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Pressure Sores: are they avoidable?


    Rebecca Callard considers the ongoing problems with pressure sores for patients in hospital and whether they always develop through inadequate care.

    By Rebecca Callard

I was interested to read in the news recently about an initiative at an NHS Trust in Coventry aimed at preventing patients from developing pressure sores.  The Trust have purchased a new teaching doll called “Sally Sore” to raise awareness of the risks of pressure sores to patients admitted to the hospital, to provide practical demonstrations of preventative measures and to highlight the importance of record keeping.  Sally Sore even has her own twitter page to communicate information and practical tips on pressure sore prevention.

This is a positive step, and one hopefully that will prove beneficial for patients under the care of that NHS Trust. Unfortunately, as a clinical negligence lawyer my experience is that patients are still suffering from these injuries and sometimes due to basic omissions in their care.

What is a pressure sore?

In brief, a pressure sore or pressure ulcer is an area of skin which is damaged due to a person staying in 1 position for a period of time; either as a result of a large amount of pressure being focussed on 1 area for a short amount of time, or alternatively, a small amount of pressure over an extended period of time.

Why do hospital patients develop pressure sores?

Pressure sores commonly develop when a person is in hospital because they are often at this time bedbound or spending much less time being mobile.

Areas which are most at risk of the development of a pressure sore are where bones are close to the skin such as the heels, ankles, elbows and hips, but they can also commonly occur on the buttocks where a lot of pressure is applied when, for instance, a person is sat up or laid in bed for long periods of time.

Those people who are most at risk of suffering a pressure sore include those with impaired mobility, those who are clinically obese, those with ageing skin (so elderly people), where there is already a damaged area of skin, and anyone with a pre-existing medical condition, particularly affecting the blood, such as diabetes.

How severe is a pressure sore?

This type of injury can range in severity and are graded as such from 1-4, 4 being the most severe.  They can range from a small bruise or blister to a deep open wound that requires daily dressing and treatment.  In more serious cases, pressure sores can develop life-threatening complications such as blood poisoning and gangrene and this may lead to the need for surgical intervention.  Either way, pressure sores can be upsetting and challenging to treat, and can often lead to a patient requiring an extended hospital admission than they otherwise would have done for their original need.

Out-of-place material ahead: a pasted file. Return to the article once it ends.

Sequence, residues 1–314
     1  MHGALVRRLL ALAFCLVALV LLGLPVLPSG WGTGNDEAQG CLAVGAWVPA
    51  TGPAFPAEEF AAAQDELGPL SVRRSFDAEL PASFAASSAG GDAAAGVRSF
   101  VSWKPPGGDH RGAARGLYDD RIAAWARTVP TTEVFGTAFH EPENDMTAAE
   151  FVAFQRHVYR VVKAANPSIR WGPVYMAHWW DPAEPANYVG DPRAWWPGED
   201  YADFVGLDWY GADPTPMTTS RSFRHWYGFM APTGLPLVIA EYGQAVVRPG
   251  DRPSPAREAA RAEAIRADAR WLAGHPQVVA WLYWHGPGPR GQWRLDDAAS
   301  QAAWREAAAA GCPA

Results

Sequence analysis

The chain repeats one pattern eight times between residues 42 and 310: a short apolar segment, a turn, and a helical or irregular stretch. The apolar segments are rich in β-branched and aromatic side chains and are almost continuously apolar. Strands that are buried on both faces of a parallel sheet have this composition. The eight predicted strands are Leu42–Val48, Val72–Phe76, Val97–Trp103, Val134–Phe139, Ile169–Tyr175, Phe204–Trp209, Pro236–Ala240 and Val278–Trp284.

How can pressure sores be prevented?

It is vital that when in hospital each person is assessed as to their risk of developing a pressure sore, and then that specific preventative measures are put in place to avoid the injury from occurring wherever possible.  Ways to prevent pressure sores from developing include pressure-relieving aids and equipment (special mattresses or seat cushions etc) and regularly changing position.  Sometimes, if a person is not able to change position for themselves then they will require assistance with this, either from a nurse or a carer for example.

Can they develop even with good nursing or hospital care?

Even with adequate nursing care, pressure sores can develop and it is not always possible to prevent them.  However, there are still occasions where inadequate care leads to the development of pressure sores where they could have otherwise been avoided or steps taken to prevent the injury becoming more severe.

I and my colleagues continue to act for a number of patients who have suffered pressure sores and the issues usually involve either failures to undertake proper assessment of the patient for their risk of pressure sores, or failures to implement preventative measures after a risk has been identified.  In such circumstances the pressure sores usually absolutely could and should have been avoided but for these admissions.

Unfortunately for patients who suffer pressure sores during their hospital admission  it is then sometimes the case that the development of secondary complications can have a negative impact on an overall clinical outcome for the patient from their original condition.  If the pressure sore should have been avoided then the patient is entitled to financial compensation for their additional pain and suffering.

I hope that the ongoing and more widespread use of initiatives such as “Sally Sore” will continue to raise awareness and improve patient care so that the avoidable pressure sores are avoided.

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